Olive combines computer vision and deep learning to handle repetitive tasks like preapproval for surgery and other healthcare procedures.
Imagine a co-worker who takes over the most boring parts of your job, follows instructions perfectly, and gets smarter over time. A Columbus company is using computer vision and robotic process automation to create just that type of employee for hospitals. Olive is both the “digital employee” designed for repetitive administrative tasks and the company that built the service.
Olive is now “working” in more than 500 US hospitals in 41 states. CEO Sean Lane said the software robot is designed to work in several departments, including revenue cycle, information technology, clinical administration, and human resources. Lane said Olive uses computer vision, robotic process automation, machine learning, and deep learning to take in data, understand it, and then take action.
“She’s looking for information she needs to complete the job or to provide additional information to a human,” Lane said.
Olive uses computer vision to collect that information by reading it off the screen and searching in documents.
“She navigates a webpage the same way a human would,” Lane said.
Lane said Olive starts a new job by processing tens of thousands of rows of data a day and progresses over time to hundreds of thousands of rows per day per customer.
Olive has a standard set of skills that customers can use out of the box. As Olive gains on-the-job experience with a customer, the robot’s human colleagues look for additional processes that can be automated.
Lane said that the inspiration for the company was a lack of intraoperatively among the multiple platforms that a hospital’s billing department uses.
“Instead of trying to get them to share, we decided to build a software robot that could access the data,” he said. “I knew that these administrative tasks were burdensome but I couldn’t have begun to guess how many there actually were.”
Lane said that Olive customers pay a monthly subscription every month to keep the digital employee on staff, what he calls AI-as-a-service.
The next phase for his company is to allow the Olives working in healthcare systems across the country to communicate with each other to create an internet of healthcare.
“Each Olive is a node on the network so potentially at some point, an Olive in Georgia could talk to an Olive in Michigan,” he said.
The company calls Olive’s brain Deep Purple and a terabyte of data is added every day to that collective data store. As the software robot completes her work, she collects and stores information about each task. Deep Purple gathers this contextual information in one place to find new connections and automation opportunities.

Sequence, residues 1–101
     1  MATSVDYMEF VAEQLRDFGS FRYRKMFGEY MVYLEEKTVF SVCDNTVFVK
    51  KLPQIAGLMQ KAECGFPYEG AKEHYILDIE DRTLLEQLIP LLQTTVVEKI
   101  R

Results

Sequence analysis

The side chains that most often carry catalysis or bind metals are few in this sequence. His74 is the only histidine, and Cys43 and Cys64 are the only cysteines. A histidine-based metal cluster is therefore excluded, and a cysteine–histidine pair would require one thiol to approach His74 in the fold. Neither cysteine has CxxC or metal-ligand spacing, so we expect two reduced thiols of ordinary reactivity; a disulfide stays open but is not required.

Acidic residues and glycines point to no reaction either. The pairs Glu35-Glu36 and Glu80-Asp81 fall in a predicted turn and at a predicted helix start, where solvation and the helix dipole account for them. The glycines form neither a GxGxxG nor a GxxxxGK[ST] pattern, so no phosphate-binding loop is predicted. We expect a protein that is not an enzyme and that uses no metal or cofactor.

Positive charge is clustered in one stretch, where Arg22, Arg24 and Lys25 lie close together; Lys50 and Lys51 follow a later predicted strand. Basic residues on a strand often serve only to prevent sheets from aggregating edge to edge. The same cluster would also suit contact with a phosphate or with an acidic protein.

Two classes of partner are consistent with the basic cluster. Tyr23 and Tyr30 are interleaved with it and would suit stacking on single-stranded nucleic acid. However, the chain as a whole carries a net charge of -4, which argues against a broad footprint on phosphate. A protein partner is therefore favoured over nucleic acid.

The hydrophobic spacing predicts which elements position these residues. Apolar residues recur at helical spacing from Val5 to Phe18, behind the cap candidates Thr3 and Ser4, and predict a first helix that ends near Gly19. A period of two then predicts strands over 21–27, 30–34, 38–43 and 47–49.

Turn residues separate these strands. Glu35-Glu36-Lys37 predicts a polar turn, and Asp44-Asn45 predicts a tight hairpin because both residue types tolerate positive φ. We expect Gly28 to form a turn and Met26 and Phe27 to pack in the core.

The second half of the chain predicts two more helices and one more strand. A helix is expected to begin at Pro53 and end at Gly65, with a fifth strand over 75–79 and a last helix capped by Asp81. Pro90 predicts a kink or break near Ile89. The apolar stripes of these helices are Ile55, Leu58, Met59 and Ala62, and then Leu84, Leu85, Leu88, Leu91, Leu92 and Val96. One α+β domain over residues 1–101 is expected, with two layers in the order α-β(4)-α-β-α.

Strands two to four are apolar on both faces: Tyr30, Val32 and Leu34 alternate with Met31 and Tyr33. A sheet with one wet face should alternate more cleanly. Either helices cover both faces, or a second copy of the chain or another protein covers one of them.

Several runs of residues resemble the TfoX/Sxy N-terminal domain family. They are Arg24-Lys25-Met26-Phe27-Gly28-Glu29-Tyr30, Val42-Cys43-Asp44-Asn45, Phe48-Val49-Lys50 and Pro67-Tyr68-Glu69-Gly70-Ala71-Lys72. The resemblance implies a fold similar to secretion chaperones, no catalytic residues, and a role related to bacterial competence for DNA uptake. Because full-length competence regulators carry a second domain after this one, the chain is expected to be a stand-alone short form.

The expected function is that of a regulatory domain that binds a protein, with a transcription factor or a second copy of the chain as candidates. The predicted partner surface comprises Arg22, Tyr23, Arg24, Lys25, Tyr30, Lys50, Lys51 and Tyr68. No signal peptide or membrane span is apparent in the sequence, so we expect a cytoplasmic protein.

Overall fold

Automating repetitive tasks
As the an RPA company helped one of Israel’s largest healthcare providers automate downloads of COVID-19 test results directly from the Israeli Ministry of Health into the healthcare system.changes workplaces around the world, companies in all industries will put a new focus on automation as a way to cope. As one example,
Connecticut’s largest healthcare system has also automated repetitive tasks to reduce the overall workload. Sharlene Seidman is the vice president of patient financial services at Yale New Haven Health. Seidman oversees revenue cycle management, which includes back office work such as preauthorizations, insurance claims, and patient billing as well as patient-facing jobs such as scheduling and check-ins. Her team of 1,400 people collects almost $5 billion per year in revenue.
She started researching artificial intelligence and robotic process automation several years ago to reduce the number of repetitive tasks that her staff has to do on daily. She said it took some time to convince the hospital leadership team to make the investment.
Seidman chose to hire Olive for two reasons: There was a good match between the values of the vendor and the hospital and because the vendor understood how healthcare operations work. After selecting Olive as a tech partner, Seidman turned to automating the prior authorization workflow, a highly transactional process.
“We are looking to reduce the amount of time that we spend submitting the request and checking the status because we don’t get immediate approval, we have to go back and keep checking,” she said.
This frees up staff time to address rejected requests and to calculate the patient part of the bill, Seidman said. The approval process includes collecting data about a patient’s medical history and in some cases a doctor review of the request to determine if it is medically necessary.
Seidman’s team has its own internal IT team to help with process mapping and operational tasks, including establishing VPN connections, transaction messages, file exports, and permissions.
Seidman said that since her department started automating tasks, she has not laid off any employees.
“What this has done is allowed us to keep the staff that we have but take on additional volume,” she said.
She said that she has deliberately involved staff members in the automation projects to build trust and address any job security concerns.
“We’ve made the cultural investment in the process very important,” she said. “Our people are just as important as the technology and the work processes.”